Rural Healthcare

Note:  I’m having trouble uploading videos onto my blog because of poor cell reception- so I’m loading longer videos on You Tube- a bit inconvenient for the reader!  Do come back to the blog when you finish watching you tube video.

I joined my friend Jay on his daily trip out into the hill countryside with a  rural healthcare mobile clinic.  We picked up a volunteer doctor first, then a staff nurse, and headed out a steep, bumpy road to a remote agricultural valley inhabited by poor farmworkers  where there was no access to health care. Local farms grow potatoes, beans, carrots and peas- the land is owned by large landowners and farmed by very poor agricultural workers.  The area is magnificent with steep hillsides covered with neatly terraced, emerald green farms and waterfalls.

We stopped first in Poombarai , where Jay’s non-profit organization rents a large building with a  very simple clinic and upstairs rooms for classes and crafts. This clinic supplements the local public health clinic, and both are mostly staffed by nurses.



In the past they have made unsuccessful attempts to teach women handicraft skills- the staff didn’t have the knowledge or time to market the products and interest was lost. There is potential, the staff say, for a more concerted effort to train women and help them market their products, but it will take time, effort and planning.  The baskets women made recently never got sold.  

Then we drove on to a more remote village which they visit only once a week. Twenty five patients stepped one by one into the van and talked to the doctor about their complaints, some returning for second visits and others brand new. Women complained of sore hips, legs and arms; they work for hours in the fields doing heavy manual labor, and the doctor didn’t have much to say in response to these problems. Several adults and children had colds and coughs. A couple older people were checking in with chronic diabetes or heart problems. One very small 14 year old boy had bowed legs, a crooked hand, and a concave chest- he had rickets. The doctor said rickets was unusual now and gave the mother calcium and vitamin C. He advised more milk and eggs, but could they afford it? Apparently the damage was already done.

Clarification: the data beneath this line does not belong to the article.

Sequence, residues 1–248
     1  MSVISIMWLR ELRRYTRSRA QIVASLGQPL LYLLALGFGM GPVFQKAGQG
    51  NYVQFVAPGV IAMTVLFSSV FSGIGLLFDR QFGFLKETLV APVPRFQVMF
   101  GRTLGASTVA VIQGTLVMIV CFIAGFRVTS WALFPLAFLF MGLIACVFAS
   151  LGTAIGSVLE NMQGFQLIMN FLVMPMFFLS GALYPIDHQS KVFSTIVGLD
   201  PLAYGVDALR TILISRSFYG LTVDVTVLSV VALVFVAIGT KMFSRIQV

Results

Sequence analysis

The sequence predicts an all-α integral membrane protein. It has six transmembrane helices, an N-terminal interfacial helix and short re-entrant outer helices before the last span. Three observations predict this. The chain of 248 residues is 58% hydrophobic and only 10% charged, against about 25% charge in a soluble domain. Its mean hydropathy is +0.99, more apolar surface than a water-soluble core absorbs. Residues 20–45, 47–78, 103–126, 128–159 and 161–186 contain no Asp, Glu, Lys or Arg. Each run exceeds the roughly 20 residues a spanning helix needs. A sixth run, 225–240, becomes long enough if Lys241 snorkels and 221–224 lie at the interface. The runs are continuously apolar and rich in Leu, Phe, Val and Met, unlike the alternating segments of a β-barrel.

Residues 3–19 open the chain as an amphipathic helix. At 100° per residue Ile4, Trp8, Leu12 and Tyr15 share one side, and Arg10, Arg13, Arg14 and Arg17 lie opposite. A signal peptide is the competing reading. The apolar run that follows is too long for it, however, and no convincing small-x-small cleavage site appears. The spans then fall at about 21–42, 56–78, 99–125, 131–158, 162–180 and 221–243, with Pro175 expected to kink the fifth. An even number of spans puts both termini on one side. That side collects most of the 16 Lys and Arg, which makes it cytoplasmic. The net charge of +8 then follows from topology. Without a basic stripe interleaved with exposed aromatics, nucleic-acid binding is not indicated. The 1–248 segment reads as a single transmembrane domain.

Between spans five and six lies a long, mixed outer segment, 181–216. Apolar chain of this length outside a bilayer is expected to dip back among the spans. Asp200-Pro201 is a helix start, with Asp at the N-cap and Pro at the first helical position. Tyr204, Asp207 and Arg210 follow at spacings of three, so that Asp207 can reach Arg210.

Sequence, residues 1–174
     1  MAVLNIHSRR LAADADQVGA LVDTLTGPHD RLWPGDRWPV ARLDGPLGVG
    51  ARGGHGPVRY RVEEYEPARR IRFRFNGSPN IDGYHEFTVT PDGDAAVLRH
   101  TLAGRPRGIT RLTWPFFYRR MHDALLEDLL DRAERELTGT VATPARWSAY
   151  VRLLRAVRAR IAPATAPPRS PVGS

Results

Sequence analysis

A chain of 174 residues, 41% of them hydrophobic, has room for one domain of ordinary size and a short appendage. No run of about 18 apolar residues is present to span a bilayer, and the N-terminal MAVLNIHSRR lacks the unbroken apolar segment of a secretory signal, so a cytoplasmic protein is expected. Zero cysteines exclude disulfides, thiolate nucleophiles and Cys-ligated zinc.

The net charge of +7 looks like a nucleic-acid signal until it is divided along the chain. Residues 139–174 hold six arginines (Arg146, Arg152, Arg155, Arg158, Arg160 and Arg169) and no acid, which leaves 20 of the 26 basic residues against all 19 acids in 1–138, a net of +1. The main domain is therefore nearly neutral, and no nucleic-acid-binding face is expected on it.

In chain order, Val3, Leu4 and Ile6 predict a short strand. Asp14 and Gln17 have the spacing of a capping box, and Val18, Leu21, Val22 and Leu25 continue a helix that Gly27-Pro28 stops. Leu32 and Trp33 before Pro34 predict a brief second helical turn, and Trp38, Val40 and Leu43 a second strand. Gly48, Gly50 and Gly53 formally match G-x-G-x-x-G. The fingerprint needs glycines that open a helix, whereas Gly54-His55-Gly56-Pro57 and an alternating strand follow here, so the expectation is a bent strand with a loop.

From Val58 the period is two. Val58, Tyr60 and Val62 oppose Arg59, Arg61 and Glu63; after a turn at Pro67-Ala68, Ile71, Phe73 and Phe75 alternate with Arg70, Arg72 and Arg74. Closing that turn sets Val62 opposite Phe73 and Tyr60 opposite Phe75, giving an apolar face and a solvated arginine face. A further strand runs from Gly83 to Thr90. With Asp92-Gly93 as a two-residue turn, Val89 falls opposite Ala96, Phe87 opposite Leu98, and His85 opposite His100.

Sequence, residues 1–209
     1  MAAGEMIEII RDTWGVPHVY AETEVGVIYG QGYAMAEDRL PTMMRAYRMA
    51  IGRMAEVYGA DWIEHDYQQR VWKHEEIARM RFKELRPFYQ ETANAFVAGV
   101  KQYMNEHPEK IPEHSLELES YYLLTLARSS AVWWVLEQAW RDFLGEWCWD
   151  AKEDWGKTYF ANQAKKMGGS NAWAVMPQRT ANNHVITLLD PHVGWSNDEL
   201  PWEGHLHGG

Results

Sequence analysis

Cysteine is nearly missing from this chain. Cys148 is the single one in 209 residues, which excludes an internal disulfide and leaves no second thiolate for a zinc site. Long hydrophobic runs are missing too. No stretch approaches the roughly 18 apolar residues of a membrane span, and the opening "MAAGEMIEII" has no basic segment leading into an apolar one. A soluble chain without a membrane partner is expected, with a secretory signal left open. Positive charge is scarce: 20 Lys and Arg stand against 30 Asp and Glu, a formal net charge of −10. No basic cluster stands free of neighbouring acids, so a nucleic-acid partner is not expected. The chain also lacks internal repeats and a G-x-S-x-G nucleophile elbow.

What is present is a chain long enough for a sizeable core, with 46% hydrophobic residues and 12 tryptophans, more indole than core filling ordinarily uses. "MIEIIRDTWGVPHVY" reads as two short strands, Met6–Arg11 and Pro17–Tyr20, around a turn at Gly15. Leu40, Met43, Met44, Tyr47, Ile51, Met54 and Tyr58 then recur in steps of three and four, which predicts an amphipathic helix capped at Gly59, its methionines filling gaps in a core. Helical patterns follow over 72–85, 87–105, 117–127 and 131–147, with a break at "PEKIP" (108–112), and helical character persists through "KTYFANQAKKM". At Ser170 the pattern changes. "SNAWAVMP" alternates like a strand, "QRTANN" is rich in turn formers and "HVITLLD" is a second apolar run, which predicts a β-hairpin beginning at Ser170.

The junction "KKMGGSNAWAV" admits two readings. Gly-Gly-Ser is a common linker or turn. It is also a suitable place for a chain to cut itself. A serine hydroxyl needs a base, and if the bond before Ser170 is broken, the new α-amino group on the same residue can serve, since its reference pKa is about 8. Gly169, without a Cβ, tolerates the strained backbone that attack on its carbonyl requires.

The nurse stood at a van window and handed our packets of medications from a box. There wasn’t much education provided- just meds. I can imagine that medical personnel have resigned themselves to the abject poverty and isolation of these families and hope only to help alleviate some of their symptoms. In the case of an acute issue, they can call the distant hospital for an ambulance, and the patients do receive free care at the hospital. It was sad, though, to see how limited these families’ resources are, how hard they work, and how grateful they are for a little attention and care. The boy with rickets had the most beaming smile and handsome face.  I hope he finds escape somehow from the hard manual labor of this farming community.

8 Comments Add yours

  1. Carol says:

    Tears for the boy with rickets. What to do?


    1. I know- I felt so sad. I wanted to adopt him along with the many stray dogs and cats in the village- so thin and scrawny. But I guess hungry animals are less important to the villagers than hungry children. Very sad. Cynthia


  2. Adele Strasser says:

    Oh that the people working these healthy looking green fields shared some health from their
    labors. Looking forward to sharing our experiences when you returned: as Bhutan has so many isolated villages also, people working so hard but at least on their own fields – but with challenges for health services.


    1. looking forward to hearing about your Bhutan trip! Did you take lots of pics? If you are interested, maybe I can show you how to create a slideshow with music for your friends! Cynthia


      1. Adele says:

        Oh good to know we’re communicating.
        Yes I was going to ask you for guidance in creating a way to share all my pics. I’m giving a short talk w meditation & walking for Sangha Jan 23 called
        Walking in the Dharma. Not w pics. Rather w an accidental butt video of 20 min sounds of walking on Bhutan pilgrimage.


      2. great! Yes, we’ll do some digital collaboration after I’m back! Hope your trip was wonderful! Cyn


  3. debjones505 says:

    Cynthia, is there a link for the YouTube video?


    1. debjones505 says:

      Never mind — I did find it. Didn’t realize at first that the hyperlink would take me there.


Leave a Reply

Fill in your details below or click an icon to log in: Logo

You are commenting using your account. Log Out /  Change )

Google photo

You are commenting using your Google account. Log Out /  Change )

Twitter picture

You are commenting using your Twitter account. Log Out /  Change )

Facebook photo

You are commenting using your Facebook account. Log Out /  Change )

Connecting to %s